# real analysis – Proof of Levy-Khintchine formula: Question on the existence of an infinitely divisible distribution defined by the formula

I am reading the proof of the Levy-Khintchine formula from Ken Iti Sato’s Levy Processes, however, I cannot understand a line from the proof that given a symmetric nonnegative definite $$d times d$$ matrix $$A$$, and a measure $$nu$$ on $$mathbb{R}^d$$ with $$nu({0})=0$$, $$int (1 wedge |x|^2) nu(dx), and $$gamma in mathbb{R}^d$$, we get an infinitely divisible distribution $$mu$$ whose characteristic function is given by the formula.

In the proof below, it states that $$phi_n$$ is the convolution of a Gaussian and a compound Poisson distribution. A distribution $$mu$$ on $$mathbb{R}^d$$ is compound Poisson if there exists $$c>0$$ and $$sigma$$ on $$mathbb{R}^d$$ with $$sigma ({0})=0$$ and the characteristic function $$hat mu(z)= exp(c(hat sigma(z)-1)).$$ $$D$$ here is the closed unit ball.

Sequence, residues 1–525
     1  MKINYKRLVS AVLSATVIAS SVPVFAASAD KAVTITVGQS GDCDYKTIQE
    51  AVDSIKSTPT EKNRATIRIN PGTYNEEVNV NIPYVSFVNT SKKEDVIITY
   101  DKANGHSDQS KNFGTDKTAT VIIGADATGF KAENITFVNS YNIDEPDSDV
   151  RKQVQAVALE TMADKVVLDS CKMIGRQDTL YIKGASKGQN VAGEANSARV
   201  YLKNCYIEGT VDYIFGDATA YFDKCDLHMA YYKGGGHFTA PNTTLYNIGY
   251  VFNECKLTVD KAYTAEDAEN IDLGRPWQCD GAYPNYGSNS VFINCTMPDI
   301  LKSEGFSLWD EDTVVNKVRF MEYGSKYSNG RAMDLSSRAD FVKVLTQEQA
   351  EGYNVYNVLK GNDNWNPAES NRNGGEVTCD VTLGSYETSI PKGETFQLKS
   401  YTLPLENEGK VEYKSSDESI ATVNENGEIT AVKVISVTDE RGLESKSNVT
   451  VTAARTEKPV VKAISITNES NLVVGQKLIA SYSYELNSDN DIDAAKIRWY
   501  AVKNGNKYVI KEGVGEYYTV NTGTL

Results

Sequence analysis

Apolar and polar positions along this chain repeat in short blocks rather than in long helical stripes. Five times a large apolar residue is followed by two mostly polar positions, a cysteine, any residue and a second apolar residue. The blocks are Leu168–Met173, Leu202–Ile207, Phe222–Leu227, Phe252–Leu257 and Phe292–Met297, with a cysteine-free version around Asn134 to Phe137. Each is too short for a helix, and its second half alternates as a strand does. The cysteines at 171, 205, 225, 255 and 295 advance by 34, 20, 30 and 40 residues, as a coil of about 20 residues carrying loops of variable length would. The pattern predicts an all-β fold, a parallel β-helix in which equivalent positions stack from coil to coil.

But I cannot see from below why we get this form for the inner integral. That is, it seems like we should have $$int_{|x|>1/n} (1-ilangle z,xrangle 1_D(x)) nu(dx)=1$$ from the definition above but I don’t see how we get this. Why does this integral define the characteristic function of a compound Poisson?